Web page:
Jury instructions debated ahead of Nikolas Cruz battery trial

The defense has asked for specific language to be included in jury instructions, which the state says is unwarranted. Confessed Parkland shooter Nikolas Cruz's jail battery case is set to begin later this month.

FORT LAUDERDALE, Fla. – A hearing in confessed Parkland shooter Nikolas Cruz’s jail guard battery case Thursday focused on some of the details of the upcoming trial.

A motion filed by the defense concerns jury instructions pertaining to the surveillance video of the Nov. 13, 2018 jail incident.

Last month, the defense wanted Judge Elizabeth Scherer to consider throwing the case out or dismiss arguably its star witness, surveillance video of the attack, arguing the Broward Sheriff’s Office did not preserve “all audio and video recordings of Mr. Cruz’s pod” and “all of the video of the location of the incident.”

Scherer denied that motion, saying video outside of what was preserved was “not material and exculpatory.”

The defense has now filed a motion seeking the following language be part of instructions read to the jury:

“If you find that the Broward Sheriff’s Office lost, destroyed, mutilated, altered, concealed or otherwise caused any evidence to be unavailable while it was within its possession, custody, or control; and the evidence would have been material in deciding the issues in this case; then you may, but are not required to, infer that this evidence would have been unfavorable to the State. You may consider this, together this the other evidence, in rendering a verdict in this case.”

Prosecutor Maria Schneider argued that the judge already ruled that video outside of the preserved surveillance was immaterial to the case.

“I understand the court has already made the decision as to materiality in the last hearing,” defense attorney Jaclyn Broudy said. “That is what I am asking, if a juror makes that finding of materiality on his or her own.”

Scherer said she will take the motion under advisement and rule on it later.

David Weinstein, a former state and federal prosecutor who is not involved in the case but reviewed the motion, said the defense is trying to “create enough reasonable doubt in the mind of one or more jurors that it will either create a deadlocked jury or an outright acquittal.”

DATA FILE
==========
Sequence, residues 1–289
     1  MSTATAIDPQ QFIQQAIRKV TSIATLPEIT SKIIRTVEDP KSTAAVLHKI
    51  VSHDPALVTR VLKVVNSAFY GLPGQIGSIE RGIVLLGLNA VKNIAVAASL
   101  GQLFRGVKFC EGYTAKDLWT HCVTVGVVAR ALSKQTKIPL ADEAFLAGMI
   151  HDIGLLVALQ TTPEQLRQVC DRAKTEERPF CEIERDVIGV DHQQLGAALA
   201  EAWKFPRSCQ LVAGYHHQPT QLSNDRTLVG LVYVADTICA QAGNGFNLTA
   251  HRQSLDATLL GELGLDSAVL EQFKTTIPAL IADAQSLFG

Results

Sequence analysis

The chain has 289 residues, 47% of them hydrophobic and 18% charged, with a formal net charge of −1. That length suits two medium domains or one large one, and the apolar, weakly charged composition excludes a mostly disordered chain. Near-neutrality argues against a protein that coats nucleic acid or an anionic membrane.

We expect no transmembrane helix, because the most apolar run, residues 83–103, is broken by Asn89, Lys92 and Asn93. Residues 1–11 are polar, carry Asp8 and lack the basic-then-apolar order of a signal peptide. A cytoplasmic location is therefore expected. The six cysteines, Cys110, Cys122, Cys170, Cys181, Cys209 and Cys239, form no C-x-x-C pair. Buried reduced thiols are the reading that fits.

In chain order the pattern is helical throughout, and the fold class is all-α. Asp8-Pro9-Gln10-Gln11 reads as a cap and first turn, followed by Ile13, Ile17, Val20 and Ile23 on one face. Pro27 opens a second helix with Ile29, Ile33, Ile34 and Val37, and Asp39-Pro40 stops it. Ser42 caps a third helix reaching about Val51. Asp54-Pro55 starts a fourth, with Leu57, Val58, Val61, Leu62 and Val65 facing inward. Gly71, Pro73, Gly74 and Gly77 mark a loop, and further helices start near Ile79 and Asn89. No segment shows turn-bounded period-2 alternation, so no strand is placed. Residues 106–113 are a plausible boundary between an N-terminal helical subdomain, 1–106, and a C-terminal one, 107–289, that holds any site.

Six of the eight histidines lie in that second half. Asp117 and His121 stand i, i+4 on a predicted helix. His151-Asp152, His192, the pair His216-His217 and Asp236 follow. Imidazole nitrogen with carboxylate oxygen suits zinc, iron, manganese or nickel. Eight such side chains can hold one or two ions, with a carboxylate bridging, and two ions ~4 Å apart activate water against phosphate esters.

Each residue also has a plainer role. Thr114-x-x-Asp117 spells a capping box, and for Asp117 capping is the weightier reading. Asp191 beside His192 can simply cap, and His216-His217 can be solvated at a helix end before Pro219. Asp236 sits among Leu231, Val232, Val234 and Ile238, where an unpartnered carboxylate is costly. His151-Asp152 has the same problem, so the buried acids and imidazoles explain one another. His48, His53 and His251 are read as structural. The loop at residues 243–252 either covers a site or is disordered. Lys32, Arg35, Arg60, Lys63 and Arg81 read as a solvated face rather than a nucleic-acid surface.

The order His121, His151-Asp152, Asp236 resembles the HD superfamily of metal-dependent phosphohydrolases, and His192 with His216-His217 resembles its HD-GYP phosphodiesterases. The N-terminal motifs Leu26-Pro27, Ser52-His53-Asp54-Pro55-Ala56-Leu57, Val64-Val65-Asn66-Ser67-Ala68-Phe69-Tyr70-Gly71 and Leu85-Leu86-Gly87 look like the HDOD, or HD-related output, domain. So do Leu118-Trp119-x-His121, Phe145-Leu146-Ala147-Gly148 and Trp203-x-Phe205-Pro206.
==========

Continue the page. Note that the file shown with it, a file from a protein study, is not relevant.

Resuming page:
“Reasonable doubt may come from the evidence, a conflict in the evidence, or the lack of evidence,” he said. “The defense believes that BSO lost or intentionally destroyed the videotapes of the holding cell area which was under their exclusive control. The defense has the right to request a theory of defense instruction and it is within the judge’s discretion to either give that instruction or refuse their request. They are arguing that this evidence would have been favorable to the defendant and not favorable to the state.”

Jury selection for the battery case began earlier this week and just over 100 potential jurors passed a qualifying round. Final jury selection is scheduled for Oct. 18 with arguments beginning Oct. 19.

This case is separate from the trial on the Marjory Stoneman Douglas High School killings that is expected to follow later this year. But the outcome could have a significant impact on the capital homicide trial, because a conviction could be used as an aggravating factor in a potential penalty phase.

Also at the pre-trial hearing, Scherer ruled in favor of the state on two motions it filed related to excluding certain testimony.

One of those was related to an alleged comment the prosecutor said Cruz made about the victim in this case, Sgt. Raymond Beltran, to the effect of “I don’t like him,” arguing it is inadmissible hearsay.

The other was about limiting what questions can be asked about the victim’s out-of-state reckless driving incident. The state requested questions be limited “to the type of charge, when the offense is alleged to have occurred, whether he received any special treatment or benefit in the disposition of the case as a result of his testimony in this case and the fact that he is currently on probation for that offense.”

See the motion on the jury instructions below:


About the Authors:

Christina returned to Local 10 in 2019 as a reporter after covering Hurricane Dorian for the station. She is an Edward R. Murrow Award-winning journalist and previously earned an Emmy Award while at WPLG for her investigative consumer protection segment "Call Christina."